In this week’s top stories: Pixel Watch leaks show off the watch’s seemingly final design, we review the Motorola MA1 Android Auto wireless dongle, and more.

It’s been a busy week of news for those looking forward to Google’s first-party Wear OS device. In addition to trademark paperwork confirming the “Pixel Watch” name, a seemingly official render of the expected smartwatch was shared by leaker Evan Blass.

The display is presumably just the flat surface you see, but Google went to great lengths with the glass to extend the curvature all the way to the rear piece (which we can’t even see in this image). The crown also helps emphasize that seamless design by having the stem prominently jut out from the glass at a three o’clock position.

Over the weekend, that render was effectively confirmed when a prototype unit of the Pixel Watch was reportedly left in a restaurant and discovered. While the leaked Pixel Watch is unable to boot fully, preventing a deeper look at the smartwatch’s software, we still learned a great deal more about the hardware, including the buttons, charging port, and wristband connector.

The very bulbous rear is defined by a pill with four square cutouts lined horizontally. They are presumably for the heart-rate sensor and other health functionality. Zooming out, the two halves suggest an ECG (electrocardiogram) capability.

This week, we shared our review of the Motorola MA1 dongle, one of the competing gadgets that promises to make wireless Android Auto possible on far, far more cars. On paper, what sets Motorola’s version apart is that it’s the first to be certified by Google for use with Android Auto. Our Ben Schoon used one for a few months and shared about his experiences.

At this point, we’re still early in wireless dongles for Android Auto. Motorola MA1 is the “easy” option, but in my experience, it’s not been the best one. When it works, it works brilliantly, but the initial shine has worn off. AAWireless, the crowdfunded dongle that debuted this form factor, has remained stable for longer and has a brighter future in my book since the developers behind it actually have the ability to update the software over time.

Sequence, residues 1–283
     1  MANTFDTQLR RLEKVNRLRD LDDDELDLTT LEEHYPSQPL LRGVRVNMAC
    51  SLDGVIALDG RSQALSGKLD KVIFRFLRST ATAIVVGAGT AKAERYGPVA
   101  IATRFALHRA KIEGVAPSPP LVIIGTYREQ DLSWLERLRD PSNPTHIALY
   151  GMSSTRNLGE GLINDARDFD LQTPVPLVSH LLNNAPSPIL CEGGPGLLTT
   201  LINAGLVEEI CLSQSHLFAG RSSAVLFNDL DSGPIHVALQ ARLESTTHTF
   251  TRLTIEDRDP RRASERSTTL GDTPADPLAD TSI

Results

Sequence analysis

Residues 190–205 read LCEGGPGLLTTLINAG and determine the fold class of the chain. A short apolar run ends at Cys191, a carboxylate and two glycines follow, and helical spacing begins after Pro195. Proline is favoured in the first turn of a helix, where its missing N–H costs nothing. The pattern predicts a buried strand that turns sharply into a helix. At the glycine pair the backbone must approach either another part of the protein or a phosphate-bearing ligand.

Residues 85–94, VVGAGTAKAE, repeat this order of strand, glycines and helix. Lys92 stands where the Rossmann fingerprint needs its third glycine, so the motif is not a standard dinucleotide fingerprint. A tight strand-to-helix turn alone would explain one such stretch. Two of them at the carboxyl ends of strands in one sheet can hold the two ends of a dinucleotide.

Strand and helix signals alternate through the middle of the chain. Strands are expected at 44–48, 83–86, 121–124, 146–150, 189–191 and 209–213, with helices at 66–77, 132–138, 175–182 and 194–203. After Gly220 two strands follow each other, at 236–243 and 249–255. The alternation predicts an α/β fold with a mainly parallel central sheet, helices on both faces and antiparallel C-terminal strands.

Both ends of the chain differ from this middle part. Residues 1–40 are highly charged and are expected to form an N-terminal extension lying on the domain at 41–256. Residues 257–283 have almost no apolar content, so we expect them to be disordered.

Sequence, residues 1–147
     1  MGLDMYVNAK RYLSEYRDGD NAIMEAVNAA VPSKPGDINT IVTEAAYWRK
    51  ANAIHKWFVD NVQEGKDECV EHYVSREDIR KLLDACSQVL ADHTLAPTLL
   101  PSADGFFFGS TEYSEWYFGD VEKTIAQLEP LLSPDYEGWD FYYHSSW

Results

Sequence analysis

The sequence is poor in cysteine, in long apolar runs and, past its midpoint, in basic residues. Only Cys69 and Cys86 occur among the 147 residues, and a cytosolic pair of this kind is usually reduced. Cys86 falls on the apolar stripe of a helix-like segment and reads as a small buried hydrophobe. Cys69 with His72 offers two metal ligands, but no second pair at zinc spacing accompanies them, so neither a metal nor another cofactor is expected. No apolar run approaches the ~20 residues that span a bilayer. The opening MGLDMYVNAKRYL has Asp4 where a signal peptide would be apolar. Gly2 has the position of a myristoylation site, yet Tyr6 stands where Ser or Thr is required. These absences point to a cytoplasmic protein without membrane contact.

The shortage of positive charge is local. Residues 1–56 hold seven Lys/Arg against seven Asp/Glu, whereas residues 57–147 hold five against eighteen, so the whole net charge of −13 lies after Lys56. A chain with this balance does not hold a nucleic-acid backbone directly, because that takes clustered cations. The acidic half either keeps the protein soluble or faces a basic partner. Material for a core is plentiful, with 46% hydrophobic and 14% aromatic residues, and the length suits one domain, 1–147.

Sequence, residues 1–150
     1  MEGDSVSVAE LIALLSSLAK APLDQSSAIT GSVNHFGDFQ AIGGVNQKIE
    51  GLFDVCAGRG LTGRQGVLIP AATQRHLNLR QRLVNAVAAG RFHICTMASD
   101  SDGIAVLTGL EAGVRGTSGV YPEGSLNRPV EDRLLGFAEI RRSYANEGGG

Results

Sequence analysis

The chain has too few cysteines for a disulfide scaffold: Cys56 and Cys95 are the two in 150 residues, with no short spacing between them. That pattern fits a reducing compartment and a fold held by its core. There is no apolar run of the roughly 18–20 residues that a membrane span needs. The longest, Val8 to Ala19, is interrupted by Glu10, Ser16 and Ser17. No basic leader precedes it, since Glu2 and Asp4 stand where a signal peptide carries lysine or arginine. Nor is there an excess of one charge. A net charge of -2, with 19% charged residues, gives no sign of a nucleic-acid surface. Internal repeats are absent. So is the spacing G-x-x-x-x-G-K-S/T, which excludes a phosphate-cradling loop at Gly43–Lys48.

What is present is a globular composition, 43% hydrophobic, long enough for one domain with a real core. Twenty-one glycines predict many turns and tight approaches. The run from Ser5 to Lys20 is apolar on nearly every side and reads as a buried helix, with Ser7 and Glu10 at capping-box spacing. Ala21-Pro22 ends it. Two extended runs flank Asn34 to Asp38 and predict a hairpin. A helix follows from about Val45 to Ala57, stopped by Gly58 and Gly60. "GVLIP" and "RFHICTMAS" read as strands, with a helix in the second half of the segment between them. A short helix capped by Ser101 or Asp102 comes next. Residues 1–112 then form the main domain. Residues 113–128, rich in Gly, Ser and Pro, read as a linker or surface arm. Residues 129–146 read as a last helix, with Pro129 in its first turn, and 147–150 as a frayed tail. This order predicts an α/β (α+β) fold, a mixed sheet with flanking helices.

After an unfortunate dropping incident, one of our team’s Pixel 6 Pro units needed to be repaired. This opened the opportunity to test out the services of uBreakiFix, Google’s long time partner for in-person repairs.

“Are you breaking stuff over there?” my wife said, seconds after my phone hit the ground. Sadly, though, I was. My Pixel 6 Pro’s display was dead and, for the first time in years, it was time to figure out the cost and time it would take to repair my daily driver. Here’s how that went.

According to multiple sources, Google intended for the Pixel 6 Pro to offer Face Unlock when it launched last October. However, something of a last minute decision was made to cancel or delay the feature ahead of launch. Luckily, there may still be chance for Face Unlock to come to the Pixel 6 Pro.

One of the sources told us that Google is still working to add face unlock to the Pixel 6 Pro, and that it’s targeted for the next major quarterly Android update, though plans might still change. If that is indeed still the plan, it’s quite interesting for Google to update the Pixel 6 Pro with a major new feature so close to the end of its annual product cycle.

The rest of this week’s top stories follow:

Android |

Apps & Updates |

Made by Google |

Samsung |

Stadia |

YouTube |

Videos |

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About the Author

Kyle Bradshaw

Kyle is an author and researcher for 9to5Google, with special interests in Made by Google products, Fuchsia, and Stadia.

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